Several things can happen. The people who read it will either like it or dislike it. And regardless, some will give you criticism. This might cause you to stop writing as you take time to contemplate this feedback and decide whether or not to try and take the advice and change your story. Now you've been derailed from writing your story and are second guessing yourself. What to do?

I don't speak for every author out there, but I've learned the hard way not to show my writing to people until I've at least completed a first draft. And even then, I don't tend to show it to people until I've done a rewrite and feel good about the story. This is mostly due to the fact that when the story isn't done, I'm still discovering it myself. To get feedback at that stage will, as I said before, derail me. And I need to trust myself as a storyteller--as the one who is discovering the story I'm telling--before I start bringing other opinions into the process.

Besides, if I've only written a chapter or two, it's not really fair to ask people for story feedback at that stage. How can anyone give honest feedback on a fraction of a story?

Writing is hard sometimes. It can be lonely when the story lives in our heads alone. And while I like to get together and vent with writing friends about my story and places I'm stuck, I never let anyone read it until the story is done.

How about you?

What do you think of this quote?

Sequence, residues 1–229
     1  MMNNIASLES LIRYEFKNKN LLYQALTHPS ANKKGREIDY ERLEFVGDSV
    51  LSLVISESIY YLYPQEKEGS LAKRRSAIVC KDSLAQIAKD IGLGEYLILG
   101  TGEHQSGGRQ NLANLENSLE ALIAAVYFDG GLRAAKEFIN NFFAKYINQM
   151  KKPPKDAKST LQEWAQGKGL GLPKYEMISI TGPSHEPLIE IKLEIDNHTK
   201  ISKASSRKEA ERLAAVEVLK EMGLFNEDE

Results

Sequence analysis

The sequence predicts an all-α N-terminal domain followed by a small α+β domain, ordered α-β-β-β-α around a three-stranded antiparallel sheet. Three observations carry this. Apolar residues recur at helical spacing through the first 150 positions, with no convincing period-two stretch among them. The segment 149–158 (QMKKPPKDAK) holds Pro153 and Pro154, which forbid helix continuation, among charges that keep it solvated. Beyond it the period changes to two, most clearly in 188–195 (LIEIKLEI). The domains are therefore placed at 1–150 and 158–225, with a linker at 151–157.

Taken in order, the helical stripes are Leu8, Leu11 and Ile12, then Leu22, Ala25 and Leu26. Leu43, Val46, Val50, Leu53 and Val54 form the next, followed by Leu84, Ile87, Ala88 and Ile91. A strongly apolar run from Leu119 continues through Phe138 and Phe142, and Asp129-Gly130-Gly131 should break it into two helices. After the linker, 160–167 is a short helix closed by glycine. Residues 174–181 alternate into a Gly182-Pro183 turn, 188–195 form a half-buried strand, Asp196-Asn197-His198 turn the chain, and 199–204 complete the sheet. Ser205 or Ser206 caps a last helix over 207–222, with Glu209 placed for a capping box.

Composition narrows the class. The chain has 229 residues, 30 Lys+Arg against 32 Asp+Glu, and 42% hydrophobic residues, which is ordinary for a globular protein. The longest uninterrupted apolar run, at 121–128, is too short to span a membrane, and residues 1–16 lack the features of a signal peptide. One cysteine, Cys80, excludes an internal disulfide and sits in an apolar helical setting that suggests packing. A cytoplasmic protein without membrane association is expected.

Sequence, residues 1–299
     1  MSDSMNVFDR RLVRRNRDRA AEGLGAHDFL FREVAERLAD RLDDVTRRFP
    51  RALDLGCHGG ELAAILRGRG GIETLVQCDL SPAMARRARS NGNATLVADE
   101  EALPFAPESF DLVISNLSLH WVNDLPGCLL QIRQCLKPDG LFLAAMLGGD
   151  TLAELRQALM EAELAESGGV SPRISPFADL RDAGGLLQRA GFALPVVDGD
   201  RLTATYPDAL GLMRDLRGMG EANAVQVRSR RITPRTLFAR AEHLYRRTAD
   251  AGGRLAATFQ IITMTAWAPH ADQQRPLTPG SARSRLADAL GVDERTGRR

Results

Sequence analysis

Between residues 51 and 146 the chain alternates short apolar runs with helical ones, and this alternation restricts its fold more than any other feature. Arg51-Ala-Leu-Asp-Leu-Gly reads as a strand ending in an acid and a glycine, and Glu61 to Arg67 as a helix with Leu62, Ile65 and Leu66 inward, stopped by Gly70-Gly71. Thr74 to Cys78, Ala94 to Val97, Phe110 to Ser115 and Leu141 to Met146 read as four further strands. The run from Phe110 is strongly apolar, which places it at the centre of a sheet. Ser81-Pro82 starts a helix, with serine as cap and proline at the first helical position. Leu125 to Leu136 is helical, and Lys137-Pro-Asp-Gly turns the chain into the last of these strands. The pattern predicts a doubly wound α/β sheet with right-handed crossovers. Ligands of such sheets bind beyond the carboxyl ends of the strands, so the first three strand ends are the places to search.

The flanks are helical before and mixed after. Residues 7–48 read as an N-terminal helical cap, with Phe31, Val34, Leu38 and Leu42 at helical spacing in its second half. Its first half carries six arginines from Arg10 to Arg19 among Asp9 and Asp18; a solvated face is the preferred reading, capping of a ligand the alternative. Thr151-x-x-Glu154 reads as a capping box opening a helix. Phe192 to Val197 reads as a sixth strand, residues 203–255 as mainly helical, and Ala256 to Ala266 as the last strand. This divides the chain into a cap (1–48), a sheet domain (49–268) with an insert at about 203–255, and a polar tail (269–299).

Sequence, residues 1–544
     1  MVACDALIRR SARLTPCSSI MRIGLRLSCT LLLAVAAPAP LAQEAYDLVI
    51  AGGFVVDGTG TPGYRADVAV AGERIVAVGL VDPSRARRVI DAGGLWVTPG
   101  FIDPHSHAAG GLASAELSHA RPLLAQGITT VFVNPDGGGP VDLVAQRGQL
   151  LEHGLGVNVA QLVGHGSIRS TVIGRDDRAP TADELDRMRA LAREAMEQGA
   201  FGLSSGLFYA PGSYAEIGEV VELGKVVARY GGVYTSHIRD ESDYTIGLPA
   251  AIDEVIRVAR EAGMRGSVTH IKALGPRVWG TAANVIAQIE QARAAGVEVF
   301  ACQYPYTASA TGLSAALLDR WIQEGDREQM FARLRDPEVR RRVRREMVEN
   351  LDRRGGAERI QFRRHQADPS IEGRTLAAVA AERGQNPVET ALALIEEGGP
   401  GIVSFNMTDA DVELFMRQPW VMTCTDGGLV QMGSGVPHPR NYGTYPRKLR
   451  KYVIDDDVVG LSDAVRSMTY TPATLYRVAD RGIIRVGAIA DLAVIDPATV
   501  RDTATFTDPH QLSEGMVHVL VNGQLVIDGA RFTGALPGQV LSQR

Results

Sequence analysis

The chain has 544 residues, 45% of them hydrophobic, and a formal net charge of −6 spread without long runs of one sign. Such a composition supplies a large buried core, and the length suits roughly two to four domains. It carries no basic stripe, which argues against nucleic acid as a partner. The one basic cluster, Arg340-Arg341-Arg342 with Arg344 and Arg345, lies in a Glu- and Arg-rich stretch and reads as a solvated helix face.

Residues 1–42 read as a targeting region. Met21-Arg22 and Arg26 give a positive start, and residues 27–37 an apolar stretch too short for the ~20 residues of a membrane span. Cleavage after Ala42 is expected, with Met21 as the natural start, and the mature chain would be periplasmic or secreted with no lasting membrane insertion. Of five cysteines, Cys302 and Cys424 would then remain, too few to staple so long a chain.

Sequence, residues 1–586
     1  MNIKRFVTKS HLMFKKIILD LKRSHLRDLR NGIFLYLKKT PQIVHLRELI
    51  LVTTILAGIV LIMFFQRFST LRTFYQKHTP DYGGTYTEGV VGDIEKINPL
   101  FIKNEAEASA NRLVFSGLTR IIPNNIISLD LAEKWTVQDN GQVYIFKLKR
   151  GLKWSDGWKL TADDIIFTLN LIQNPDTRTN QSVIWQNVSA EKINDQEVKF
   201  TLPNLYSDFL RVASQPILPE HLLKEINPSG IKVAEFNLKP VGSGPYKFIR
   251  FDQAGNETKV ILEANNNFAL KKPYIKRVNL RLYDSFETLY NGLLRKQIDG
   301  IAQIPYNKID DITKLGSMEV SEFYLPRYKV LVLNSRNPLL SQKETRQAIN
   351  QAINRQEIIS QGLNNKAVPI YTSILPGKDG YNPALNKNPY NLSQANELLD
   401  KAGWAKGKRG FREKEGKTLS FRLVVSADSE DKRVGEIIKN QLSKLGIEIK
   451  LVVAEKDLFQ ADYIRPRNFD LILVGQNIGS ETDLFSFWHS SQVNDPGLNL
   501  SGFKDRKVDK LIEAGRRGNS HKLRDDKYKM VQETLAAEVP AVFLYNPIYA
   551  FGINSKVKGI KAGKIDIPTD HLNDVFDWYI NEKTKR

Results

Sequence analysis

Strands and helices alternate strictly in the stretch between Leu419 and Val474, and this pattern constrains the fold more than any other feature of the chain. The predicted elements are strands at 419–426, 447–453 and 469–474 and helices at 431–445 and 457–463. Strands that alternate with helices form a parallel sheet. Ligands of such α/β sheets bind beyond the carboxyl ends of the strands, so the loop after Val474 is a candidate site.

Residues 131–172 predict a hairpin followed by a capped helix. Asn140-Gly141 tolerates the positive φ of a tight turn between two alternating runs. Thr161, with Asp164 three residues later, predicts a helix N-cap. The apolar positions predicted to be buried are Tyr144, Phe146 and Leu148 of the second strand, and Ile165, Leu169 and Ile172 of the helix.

Do you have trouble knowing when your book is done?

At what stage do you let people see your writing?

Monday, October 23, 2017

3 More Mistakes I Made So You Don't Have To: Series Writing, Not Understanding My Genre, and Expecting to be an Exception

Stephanie Morrill is the creator of and the author of several young adult novels, including the historical mystery, The Lost Girl of Astor Street (Blink/HarperCollins). Despite loving cloche hats and drop-waist dresses, Stephanie would have been a terrible flapper because she can’t do the Charleston and looks awful with bobbed hair. She and her near-constant ponytail live in Kansas City with her husband and three kids. You can connect with her on FacebookTwitterPinterest, Instagram, and sign up for free books on her author website.

***Quick note before I jump into today's topic. A main character in the book I'm working on is Japanese American, and I'm looking for sensitivity readers. People who can point out nuances of Japanese culture that I don't know about and/or tell me what I got wrong about the experience of being Japanese American. If you can help, please send me an email: Stephanie(at)***

My nine-year-old daughter said to me a few days ago, "I never fail."

I said, "That would also mean you never learn."

She said, "Let me rephrase that. I never fail because I always learn from my mistakes, and since I learn from it, it's not really a failure."

Mistakes can't be avoided, but they aren't nearly as painful if we learn from them, especially if we can share our knowledge with others. Lucky for you, I've made lots!

In the last few weeks, I talked about how I was an obsessive rewriter, and how I thought that I would become a "real" writer once I discovered my perfect novel writing system. Today I'm sharing three more:

Writing a Series

Don't freak out!

I know lots of you are writing series or want to write a series. I'm not trying to dissuade you from that. Series are lovely things. As a reader, I adore them. And for some writers, they're a great way to build readership.